It was a beautiful December afternoon at Invesco Field at Mile High. The weather was in the 60s, a subtle breeze was in the air and the stadium roared with the emphatic voices of 76,000 screaming fans.
The Denver Broncos were three point favorites against their arch rivals that day, despite the Chiefs being 11-1 to Denver's 7-5 at that time. Everything was on the line for Mike Shanahan's Broncos, who desperately needed a victory to stay alive for a shot at a wildcard playoff berth. There was no room for error in a game of such magnitude. They needed to stay focused on the present task in Kansas City, even though they knew the road ahead wouldn't be any easier with road games to end the year at Indianapolis and Green Bay.
If they didn't win against Kansas City on that memorable December 7th afternoon those games wouldn't have mattered anyways. But they did win via comeback — in a good old fashioned Broncos beat down of the Chiefs by the tune of 45-27.
Some of you may remember, some of you may not, but in all honesty how could one forget?
Clinton Portis already had become beloved by Broncos fans by the time the two teams squared off that day. After a record shattering rookie year where he posted 1,508 yards rushing, 15 touchdowns and several hundred yards of receptions and a handful of scores through the air and earned Offensive Rookie of the Year honors, it was easy for fans to support the former Miami Hurricane.
It wasn't just one of the greatest games in Broncos history, for the young running back out of Miami it would stand the test of time as the best game of his career.
Portis was a God on the gridiron that Sunday afternoon. Even eight men in the box couldn't stop him from tearing off 218 yards on the ground on 22 carries. Interestingly enough, it wasn't the most rushing yards a Broncos back had ever had in a game. Mike Anderson had registered 251 yards on the ground against the Saints in December of 2000 — a record that still stands fifteen years later. However, Portis' five touchdowns on the ground that day is tied for the second most by any running back in NFL History, just one shy of the six Gayle Sayers amassed against the San Francisco 49ers in December of 1965.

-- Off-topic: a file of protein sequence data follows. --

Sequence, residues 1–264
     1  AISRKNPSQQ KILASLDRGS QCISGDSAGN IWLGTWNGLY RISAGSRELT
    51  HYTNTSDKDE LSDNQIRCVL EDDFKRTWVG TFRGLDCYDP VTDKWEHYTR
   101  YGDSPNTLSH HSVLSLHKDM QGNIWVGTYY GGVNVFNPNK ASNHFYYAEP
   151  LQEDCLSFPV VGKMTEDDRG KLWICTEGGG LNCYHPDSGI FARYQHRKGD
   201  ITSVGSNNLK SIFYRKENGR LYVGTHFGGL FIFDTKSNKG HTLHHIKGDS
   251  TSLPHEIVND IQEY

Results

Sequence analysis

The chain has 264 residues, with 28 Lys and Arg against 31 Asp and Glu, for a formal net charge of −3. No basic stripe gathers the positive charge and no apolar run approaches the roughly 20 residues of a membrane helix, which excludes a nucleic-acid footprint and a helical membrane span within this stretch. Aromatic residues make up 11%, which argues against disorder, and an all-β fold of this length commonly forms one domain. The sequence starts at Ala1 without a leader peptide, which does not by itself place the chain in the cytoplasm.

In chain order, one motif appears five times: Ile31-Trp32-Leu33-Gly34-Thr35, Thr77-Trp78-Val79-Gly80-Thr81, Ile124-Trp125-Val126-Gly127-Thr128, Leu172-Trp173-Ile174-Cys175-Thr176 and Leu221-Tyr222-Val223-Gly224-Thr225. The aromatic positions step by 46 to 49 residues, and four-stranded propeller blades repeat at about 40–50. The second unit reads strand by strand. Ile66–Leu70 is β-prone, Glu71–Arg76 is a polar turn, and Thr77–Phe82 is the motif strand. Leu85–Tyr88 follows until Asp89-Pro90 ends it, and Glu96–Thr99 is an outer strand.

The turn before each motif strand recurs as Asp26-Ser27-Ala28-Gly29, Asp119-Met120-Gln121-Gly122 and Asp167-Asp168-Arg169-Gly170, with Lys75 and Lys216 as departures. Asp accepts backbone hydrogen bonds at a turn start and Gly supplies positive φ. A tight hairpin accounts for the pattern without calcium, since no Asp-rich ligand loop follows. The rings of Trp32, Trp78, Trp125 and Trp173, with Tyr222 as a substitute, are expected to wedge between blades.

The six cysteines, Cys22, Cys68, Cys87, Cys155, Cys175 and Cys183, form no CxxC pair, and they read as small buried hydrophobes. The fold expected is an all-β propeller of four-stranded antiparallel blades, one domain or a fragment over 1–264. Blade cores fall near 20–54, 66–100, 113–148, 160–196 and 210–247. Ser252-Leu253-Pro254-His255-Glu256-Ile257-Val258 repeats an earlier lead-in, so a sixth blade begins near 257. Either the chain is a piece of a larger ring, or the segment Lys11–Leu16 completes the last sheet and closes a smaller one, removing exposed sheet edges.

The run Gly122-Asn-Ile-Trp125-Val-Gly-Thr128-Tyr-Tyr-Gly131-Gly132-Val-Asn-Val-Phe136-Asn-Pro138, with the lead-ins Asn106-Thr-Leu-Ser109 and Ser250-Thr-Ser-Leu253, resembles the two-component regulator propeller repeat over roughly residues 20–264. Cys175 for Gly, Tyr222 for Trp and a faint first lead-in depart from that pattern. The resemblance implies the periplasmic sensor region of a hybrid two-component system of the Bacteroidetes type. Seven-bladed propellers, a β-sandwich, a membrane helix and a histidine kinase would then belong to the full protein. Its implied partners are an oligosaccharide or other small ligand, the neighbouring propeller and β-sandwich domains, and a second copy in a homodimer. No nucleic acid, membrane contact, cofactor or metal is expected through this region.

When it was all said and done, fans were convinced that he appeared to be the next best thing the Broncos had at running back since Terrell Davis, but that idea wouldn't last for long.
He didn't know it yet, but at the end of the season, Portis would be traded to the Washington Redskins in exchange for All-Pro cornerback Champ Bailey and a second round draft choice that would become Tatum Bell. But looking back, his impeccable performance against the Chiefs may have been the bolster to his trade value that would net Denver their eventual Hall of Famer on the defensive side of the ball.
There just must be something about December football that brings to life the best in running backs across the league. That winter afternoon, Clinton Portis wasn't just another guy on the field. He was the man everyone was chasing. In fact, he was more than a man — he became a Broncos legend, even if his time with Denver was short, but oh so sweet.
This post serves as a Mile High Salute in remembrance of him. Thanks for what you did as a Bronco and thanks for bringing us one of the best Broncos in the history of the franchise via trade. Wouldn't it be awesome if C.J. Anderson brought us a similar memory Thursday night?
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